the “Love Army”, an initiative that raises questions

“Love Army” is on its way to winning its bet. In two days, the initiative launched by several stars, including Omar Sy and “influencer” Jérôme Jarre collected an impressive amount of nearly 1.5 million dollars in donations to help the Rohingya. This campaign on social networks, made in record time, aims to provide humanitarian aid to refugees and raise awareness of the situation of this persecuted Muslim minority in Burma.

“This is the strike force on social networks. Although we, this mobilization is very fast, with such a significant fundraising, we are shocked,” said Françoise Sivignon, president of Doctors of the World, who was interviewed in Europe 1. If his initiative in the “Love Army” is welcomed, it will not fail to be questioned, especially in the delivery of local food and basic necessities.

  • How can they provide assistance?

In their message, posted on the crowdfunding platform, “Love Army” assured that they want to donate “100% of donations” to Rohinghya refugees to meet the most urgent needs like food, drinking water and basic needs. Organizers added to work with “local volunteers”, without going through traditional humanitarian NGOs. “At first, we retweeted their first message who did not receive a response to our request. What we observed was that they did not want to call NGOs. They want to keep a direct distribution system, ”Françoise Sivignon said.

This system of aid delivery, other than “classic” circuits, asked the president of Doctors of the World. “I was there a month ago, the situation is very complicated from a health and organizational point of view. We hope they are successful, but they have to find distribution professionals. I don’t have any. ideas on how they can use these donations ”, asked François Sivignon. We tried to get details from several members of the “Love Army”, including Omar Sy, Jérôme Jarre and DJ Snake, with no response from them.

Jérôme Jarre was not yet on his first attempt. The star net was able to raise two million dollars for Somalia, and then brought in several hundred tons of food thanks to a cargo plane chartered by Turkish Airlines. An article on, titled “The Marketing of Innocence” criticized the lack of professionalism in the initiative, to which Jérôme Jarre himself responded. “We haven’t” sent rice to Somalia. “We know that food aid is sent through Turkish Airlines and it is distributed to locals. But there is not much information on delivery”, Françoise Sivignon explained.

  • Are NGOs on site?

The “Love Army”, however, did not come to virgin territory. In Bangladesh, a country bordering Burma where more than 620,000 Rohingya have fled in just three months, NGOs are in the majority. “It’s a state full of NGOs from all over the world, mostly North American and European. It’s a country that is accustomed to welcoming NGOs,” said Olivier Guillard, director of Asian research at Iris (Institute of International and Strategic Relations) and connoisseur of Burma.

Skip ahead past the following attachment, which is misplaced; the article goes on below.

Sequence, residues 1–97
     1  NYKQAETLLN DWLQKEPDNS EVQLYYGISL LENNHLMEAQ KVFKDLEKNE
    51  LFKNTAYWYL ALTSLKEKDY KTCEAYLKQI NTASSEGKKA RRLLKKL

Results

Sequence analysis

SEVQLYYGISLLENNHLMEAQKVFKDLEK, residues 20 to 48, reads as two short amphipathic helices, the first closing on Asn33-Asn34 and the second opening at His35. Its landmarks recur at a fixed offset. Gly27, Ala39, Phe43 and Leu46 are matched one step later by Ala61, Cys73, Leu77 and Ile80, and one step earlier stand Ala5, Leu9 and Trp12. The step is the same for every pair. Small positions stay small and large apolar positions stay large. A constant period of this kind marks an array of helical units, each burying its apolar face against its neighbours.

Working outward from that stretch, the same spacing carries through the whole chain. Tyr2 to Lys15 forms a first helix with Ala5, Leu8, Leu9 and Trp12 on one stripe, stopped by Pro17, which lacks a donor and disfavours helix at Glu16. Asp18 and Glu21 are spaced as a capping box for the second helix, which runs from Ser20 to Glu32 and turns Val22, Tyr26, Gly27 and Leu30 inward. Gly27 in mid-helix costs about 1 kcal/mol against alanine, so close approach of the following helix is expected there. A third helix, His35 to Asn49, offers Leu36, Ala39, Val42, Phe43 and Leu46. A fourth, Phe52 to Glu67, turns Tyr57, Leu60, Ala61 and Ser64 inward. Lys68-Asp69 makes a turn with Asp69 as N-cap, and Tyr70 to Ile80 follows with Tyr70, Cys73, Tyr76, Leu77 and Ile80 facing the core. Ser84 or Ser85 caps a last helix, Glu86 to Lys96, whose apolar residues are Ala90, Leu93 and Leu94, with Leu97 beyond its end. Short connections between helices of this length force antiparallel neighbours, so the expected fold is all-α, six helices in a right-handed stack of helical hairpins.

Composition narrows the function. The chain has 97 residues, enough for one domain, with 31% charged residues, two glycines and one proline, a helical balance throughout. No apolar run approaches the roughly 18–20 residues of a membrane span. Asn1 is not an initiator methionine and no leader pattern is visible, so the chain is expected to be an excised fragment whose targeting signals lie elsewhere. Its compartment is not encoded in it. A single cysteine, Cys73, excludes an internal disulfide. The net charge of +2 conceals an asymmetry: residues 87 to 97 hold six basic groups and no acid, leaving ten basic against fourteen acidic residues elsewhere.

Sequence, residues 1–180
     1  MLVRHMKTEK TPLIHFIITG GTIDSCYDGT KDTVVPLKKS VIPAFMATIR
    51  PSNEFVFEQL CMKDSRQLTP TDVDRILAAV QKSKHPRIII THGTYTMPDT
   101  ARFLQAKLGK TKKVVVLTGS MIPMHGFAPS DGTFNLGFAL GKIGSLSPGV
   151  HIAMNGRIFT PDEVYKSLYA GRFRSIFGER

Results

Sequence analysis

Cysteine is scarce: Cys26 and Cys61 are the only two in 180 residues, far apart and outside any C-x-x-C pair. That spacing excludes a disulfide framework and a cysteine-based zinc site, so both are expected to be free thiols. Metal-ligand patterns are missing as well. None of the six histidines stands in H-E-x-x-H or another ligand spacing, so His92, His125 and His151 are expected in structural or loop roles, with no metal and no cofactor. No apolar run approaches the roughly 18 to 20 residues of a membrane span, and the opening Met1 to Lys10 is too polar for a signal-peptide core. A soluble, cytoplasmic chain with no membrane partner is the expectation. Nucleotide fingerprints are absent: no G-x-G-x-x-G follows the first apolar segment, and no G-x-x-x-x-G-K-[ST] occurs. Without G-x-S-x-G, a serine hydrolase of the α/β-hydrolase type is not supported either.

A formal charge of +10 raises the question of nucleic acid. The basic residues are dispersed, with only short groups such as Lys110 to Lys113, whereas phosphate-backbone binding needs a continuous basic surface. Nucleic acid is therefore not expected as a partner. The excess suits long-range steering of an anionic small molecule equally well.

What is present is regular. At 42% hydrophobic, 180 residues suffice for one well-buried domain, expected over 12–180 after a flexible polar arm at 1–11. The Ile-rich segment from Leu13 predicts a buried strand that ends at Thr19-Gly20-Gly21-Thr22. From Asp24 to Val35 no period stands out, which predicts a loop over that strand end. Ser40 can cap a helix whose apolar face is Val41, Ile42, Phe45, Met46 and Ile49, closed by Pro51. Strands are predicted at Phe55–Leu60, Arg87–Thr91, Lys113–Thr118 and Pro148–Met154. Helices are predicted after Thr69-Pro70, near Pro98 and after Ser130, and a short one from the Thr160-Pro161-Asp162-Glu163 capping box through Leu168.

“In crisis situations, coordination is needed between local authorities and NGOs, who have cared for people for many years and know the land, as well as international NGOs,” Françoise Sivignon said. “These are the movements we need to include in our reflections, to figure out how to coordinate with them. We look at them with kindness, but we wonder how they can be involved in the humanitarian sector.”

  • Why appeal to Erdogan?

The “Love Army” message, however, was shattered by a direct appeal to Turkish President Recep Tayyip Erdogan. “We are asking for the help of the President of Turkey,” Jérôme Jarre wrote on Tuesday morning, with the hashtag #ErdoganHelpRohingya. A few hours later, the head of state responded to him on Twitter. “Dear Jérôme Jarre, we have never refused a request for help. We will support the efforts” of the Love Army. The president of Turkey is indeed a staunch defender of this Muslim minority. In August, he denounced a “genocide”, adding “those who close their eyes under the cover of democracy are its comrades”.

Except that Erdogan, who has been criticized for his authoritarian turn, is engaged in a fierce struggle against part of the Kurdish minority. “An appeal was made by Erdogan and that raises questions. The fundamental rights of the people are not respected and opponents are imprisoned in Turkey. The appeal of such a controversial head of state is problematic. Neutrality vis-à-vis -vis to distribute this aid “, thought Françoise Sivignon. However, the initiative was welcomed by the president of Doctors of the World. “It’s always good to focus on this crisis”.

Leave a Comment